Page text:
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William discusses drug legalisation with former addicts

The Duke visited east London-based Spitalfields Crypt Trust.

The Duke of Cambridge has spoken to former addicts on the controversial topic of legalising drugs.

William asked three individuals, helped by drug addiction charity the Spitalfields Crypt Trust (SCT), about the “big dangers” of lifting the ban.

He did not give his personal opinion but appeared to be on a factfinding mission, telling the trio that after meeting them and touring the SCT in Shoreditch, east London it was a “question I had to ask”.

For more than 50 years the charity has provided services for addicts who are usually rough sleepers, something William is likely to have come across in his support for the homeless charities Centrepoint, in his role as patron, and The Passage.

Sitting in the SCT’s art room, the Duke said: “Can I ask you a very massive question – it’s a big one – there’s obviously a lot of pressure growing in areas about legalising drugs and things like that. What are your individual opinions on that?

“I know it’s a big question, but you seem like the key people to actually get a very good idea as to, you know, what are the big dangers there – what are the feelings?”

Heather Blackburn, 49, said she thought the legalisation of drugs was “a good idea” and that money was wasted on “drug laws”.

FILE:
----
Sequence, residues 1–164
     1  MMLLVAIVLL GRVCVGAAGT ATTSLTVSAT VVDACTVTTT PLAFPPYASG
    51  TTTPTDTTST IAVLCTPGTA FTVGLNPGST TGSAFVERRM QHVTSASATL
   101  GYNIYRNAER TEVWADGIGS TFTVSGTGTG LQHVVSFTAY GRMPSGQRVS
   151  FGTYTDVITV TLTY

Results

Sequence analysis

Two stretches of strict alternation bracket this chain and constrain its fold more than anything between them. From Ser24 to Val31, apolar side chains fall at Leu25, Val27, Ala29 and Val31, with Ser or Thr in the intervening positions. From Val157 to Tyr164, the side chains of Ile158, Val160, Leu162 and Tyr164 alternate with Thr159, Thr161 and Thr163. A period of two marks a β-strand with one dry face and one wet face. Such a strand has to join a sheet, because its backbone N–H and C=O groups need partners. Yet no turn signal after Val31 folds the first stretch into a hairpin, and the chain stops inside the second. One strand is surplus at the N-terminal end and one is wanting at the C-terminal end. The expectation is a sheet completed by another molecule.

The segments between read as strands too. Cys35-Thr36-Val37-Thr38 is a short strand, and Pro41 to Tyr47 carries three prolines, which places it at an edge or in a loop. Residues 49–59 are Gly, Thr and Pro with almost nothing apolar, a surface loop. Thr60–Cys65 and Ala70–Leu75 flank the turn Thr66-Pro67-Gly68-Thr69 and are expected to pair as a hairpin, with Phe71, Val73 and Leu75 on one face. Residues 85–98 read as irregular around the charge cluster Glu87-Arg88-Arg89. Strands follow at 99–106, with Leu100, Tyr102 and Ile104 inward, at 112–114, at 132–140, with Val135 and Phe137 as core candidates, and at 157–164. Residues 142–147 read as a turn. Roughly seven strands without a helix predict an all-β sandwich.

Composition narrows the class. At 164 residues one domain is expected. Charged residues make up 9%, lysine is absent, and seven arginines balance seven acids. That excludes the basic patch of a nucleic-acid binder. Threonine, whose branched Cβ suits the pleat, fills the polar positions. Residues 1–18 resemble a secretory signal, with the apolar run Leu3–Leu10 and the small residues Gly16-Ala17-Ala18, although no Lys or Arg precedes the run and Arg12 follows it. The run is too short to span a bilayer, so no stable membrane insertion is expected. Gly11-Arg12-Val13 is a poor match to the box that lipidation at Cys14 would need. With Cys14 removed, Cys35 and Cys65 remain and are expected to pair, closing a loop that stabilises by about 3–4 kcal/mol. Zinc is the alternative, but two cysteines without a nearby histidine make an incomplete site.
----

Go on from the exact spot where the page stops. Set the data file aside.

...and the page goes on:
She added: “Most of the people I’ve known in recovery, 95% had massive trauma and terrible stuff happen to them and using drugs to cope and then you get put in prison, you don’t get the facilities and the actual help you need, you get punished.

“Which is not going to help anyone taking drugs, it’s going to do even more harm, I think.”

When William asked: “So there needs to be more of a social element to it?” she replied there should be more help, such as psychiatrists, so people could turn their lives around earlier.

The Duke added: “So prison doesn’t tackle the root cause of why someone is taking drugs?” and Ms Blackburn replied “No, it just punishes what you’ve done, not the reasons why.”

Recovering alcoholic Grace Gunn, 19, who is training to become a midwife, told the future king: “You can’t just say, you know, ‘drugs are illegal’ or ‘now we can all go and do drugs’, because it doesn’t stop the fact we’re a nation of people hurting, and we can’t undo all that overnight, it takes a long period of time.”

Jason Malham, 45, a recovering heroin addict originally from Melbourne, Australia, said: “Personally, I believe that they should not be made legal.”

William’s brother Prince Harry was sent to a drugs rehabilitation clinic in 2002 after he admitted drinking alcohol when under age and smoking cannabis.

The Prince of Wales was believed to have sent his son to visit Featherstone Lodge Rehabilitation Centre in Peckham, south London, where he talked to heroine and cocaine addicts.

The Government said in its drug strategy published in July: “We have no intention of decriminalising drugs. Drugs are illegal because scientific and medical analysis has shown they are harmful to human health.

“Drug misuse is also associated with much wider societal harms including family breakdown, poverty, crime and anti-social behaviour.

“We are aware of decriminalisation approaches being taken overseas, but it is overly simplistic to say that decriminalisation works.”

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